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Is the recent emergence of mephedrone injecting in the United Kingdom associated with elevated risk behaviours and blood borne virus infection?

Hope, VD and Cullen, KJ and Smith, J and Jessop, L and Parry, J and Ncube, F (2016) Is the recent emergence of mephedrone injecting in the United Kingdom associated with elevated risk behaviours and blood borne virus infection? Eurosurveillance, 21 (19). ISSN 1560-7917

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Abstract

The recent, and rapid, emergence of injection of the short-acting stimulant mephedrone (4-methylmethcathione) has resulted in concerns about increased infection risks among people who inject drugs (PWID). Data from the bio-behavioural surveillance of PWID in the United Kingdom were analysed to examine the impact of mephedrone injection on infections among PWID. During the year preceding the survey, 8.0% of PWID (163/2,047) had injected mephedrone. In multivariable analyses, those injecting mephedrone were younger, less likely to have injected opiates, and more likely to have injected cocaine or amphetamines, used needle/syringe programmes or sexual health clinics, been recruited in Wales and Northern Ireland or shared needles/syringes. There were no differences in sexual risks. Those injecting mephedrone more often had hepatitis C antibodies (adjusted odds ratio (AOR) = 1.51; 95% confidence interval (CI): 1.08-2.12), human immunodeficiency virus (AOR = 5.43; 95% CI: 1.90-15.5) and overdosed (AOR = 1.70; 95% CI: 1.12-2.57). There were no differences in the frequency of injecting site infections or prevalence of hepatitis B. The elevated levels of risk and infections are a concern considering its recent emergence. Mephedrone injection may currently be focused among higher-risk or more vulnerable groups. Targeted responses are needed to prevent an increase in harm.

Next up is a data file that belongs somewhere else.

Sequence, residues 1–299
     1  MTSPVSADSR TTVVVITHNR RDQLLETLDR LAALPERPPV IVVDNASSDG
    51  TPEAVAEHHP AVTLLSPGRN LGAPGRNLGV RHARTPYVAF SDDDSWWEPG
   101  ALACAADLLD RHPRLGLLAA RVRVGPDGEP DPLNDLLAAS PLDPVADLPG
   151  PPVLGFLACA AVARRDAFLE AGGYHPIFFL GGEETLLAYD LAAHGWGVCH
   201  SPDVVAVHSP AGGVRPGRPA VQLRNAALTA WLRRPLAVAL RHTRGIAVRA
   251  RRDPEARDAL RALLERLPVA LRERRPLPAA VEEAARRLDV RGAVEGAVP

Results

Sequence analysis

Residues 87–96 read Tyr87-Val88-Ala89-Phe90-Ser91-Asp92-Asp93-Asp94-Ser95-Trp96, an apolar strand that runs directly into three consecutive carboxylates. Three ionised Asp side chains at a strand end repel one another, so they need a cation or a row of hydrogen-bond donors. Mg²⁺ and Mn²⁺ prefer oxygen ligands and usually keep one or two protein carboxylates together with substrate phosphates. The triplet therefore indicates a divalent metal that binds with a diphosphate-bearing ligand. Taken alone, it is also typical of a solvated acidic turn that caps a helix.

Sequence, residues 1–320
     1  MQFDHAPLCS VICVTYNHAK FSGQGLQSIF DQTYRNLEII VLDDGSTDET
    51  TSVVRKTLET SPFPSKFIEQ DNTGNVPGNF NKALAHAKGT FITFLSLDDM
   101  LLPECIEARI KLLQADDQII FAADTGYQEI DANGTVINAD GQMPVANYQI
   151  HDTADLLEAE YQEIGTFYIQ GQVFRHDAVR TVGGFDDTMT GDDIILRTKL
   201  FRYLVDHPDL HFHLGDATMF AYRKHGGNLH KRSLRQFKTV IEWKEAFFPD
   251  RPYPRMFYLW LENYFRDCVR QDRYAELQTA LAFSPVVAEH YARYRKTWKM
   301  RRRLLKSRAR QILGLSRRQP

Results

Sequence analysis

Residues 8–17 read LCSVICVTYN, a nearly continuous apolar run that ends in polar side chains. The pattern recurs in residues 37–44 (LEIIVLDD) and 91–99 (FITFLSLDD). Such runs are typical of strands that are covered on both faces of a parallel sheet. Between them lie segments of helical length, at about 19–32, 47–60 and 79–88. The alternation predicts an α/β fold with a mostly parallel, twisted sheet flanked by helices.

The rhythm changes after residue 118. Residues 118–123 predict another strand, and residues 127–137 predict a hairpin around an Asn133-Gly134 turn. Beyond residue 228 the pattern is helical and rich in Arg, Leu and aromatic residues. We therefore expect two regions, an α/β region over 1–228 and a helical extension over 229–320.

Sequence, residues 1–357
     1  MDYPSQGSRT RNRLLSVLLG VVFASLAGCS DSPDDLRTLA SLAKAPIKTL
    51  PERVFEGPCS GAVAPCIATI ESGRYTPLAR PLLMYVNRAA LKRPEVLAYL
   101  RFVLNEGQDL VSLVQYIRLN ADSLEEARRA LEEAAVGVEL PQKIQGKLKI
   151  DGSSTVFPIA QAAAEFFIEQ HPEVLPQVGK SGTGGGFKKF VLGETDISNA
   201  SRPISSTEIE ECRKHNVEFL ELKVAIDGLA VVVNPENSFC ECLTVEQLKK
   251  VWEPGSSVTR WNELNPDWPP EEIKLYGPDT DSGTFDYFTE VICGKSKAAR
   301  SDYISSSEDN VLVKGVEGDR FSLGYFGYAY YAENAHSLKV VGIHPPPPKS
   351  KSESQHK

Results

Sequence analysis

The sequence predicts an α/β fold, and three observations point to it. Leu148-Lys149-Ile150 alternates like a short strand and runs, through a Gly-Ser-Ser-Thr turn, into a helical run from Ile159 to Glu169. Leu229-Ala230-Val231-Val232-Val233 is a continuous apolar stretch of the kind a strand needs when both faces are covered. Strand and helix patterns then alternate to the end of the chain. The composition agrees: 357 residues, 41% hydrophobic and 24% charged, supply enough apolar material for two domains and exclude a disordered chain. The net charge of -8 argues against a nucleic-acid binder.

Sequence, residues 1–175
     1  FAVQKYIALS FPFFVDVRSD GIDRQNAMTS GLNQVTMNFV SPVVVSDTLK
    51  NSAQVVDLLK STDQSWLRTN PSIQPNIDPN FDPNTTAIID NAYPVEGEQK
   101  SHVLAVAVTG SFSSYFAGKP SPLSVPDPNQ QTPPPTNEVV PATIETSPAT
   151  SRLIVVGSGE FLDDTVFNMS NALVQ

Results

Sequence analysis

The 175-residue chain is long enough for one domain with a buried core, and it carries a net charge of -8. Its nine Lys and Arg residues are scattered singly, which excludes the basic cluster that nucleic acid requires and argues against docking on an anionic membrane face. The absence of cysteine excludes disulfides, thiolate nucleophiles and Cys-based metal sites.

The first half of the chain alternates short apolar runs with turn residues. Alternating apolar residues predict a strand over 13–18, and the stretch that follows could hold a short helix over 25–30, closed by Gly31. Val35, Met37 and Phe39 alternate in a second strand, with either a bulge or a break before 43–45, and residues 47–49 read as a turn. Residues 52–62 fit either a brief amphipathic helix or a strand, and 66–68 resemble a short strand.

Item Type: Article
Uncontrolled Keywords: Hepatitis C; Mephedrone; People who inject drugs; human immunodeficiency virus - HIV; risk behaviours; Adult; Age Distribution; Blood-Borne Pathogens; Causality; Central Nervous System Stimulants; Communicable Diseases, Emerging; Comorbidity; Drug Users; Female; Humans; Incidence; Injections, Intravenous; Male; Methamphetamine; Needle Sharing; Risk Factors; Substance Abuse, Intravenous; United Kingdom; Viremia; Vulnerable Populations
Subjects: R Medicine > RA Public aspects of medicine > RA0421 Public health. Hygiene. Preventive Medicine
R Medicine > RA Public aspects of medicine > RA1001 Forensic Medicine. Medical jurisprudence. Legal medicine
R Medicine > RA Public aspects of medicine > RA1190 Toxicology. Poisions
Divisions: Public Health Institute
Publisher: European Centre for DIsease Prevention and Control
Related URLs:
Date Deposited: 30 Jun 2017 09:20
Last Modified: 30 Jun 2017 09:20
DOI or Identification number: 10.2807/1560-7917.ES.2016.21.19.30225
URI: http://researchonline.ljmu.ac.uk/id/eprint/6770

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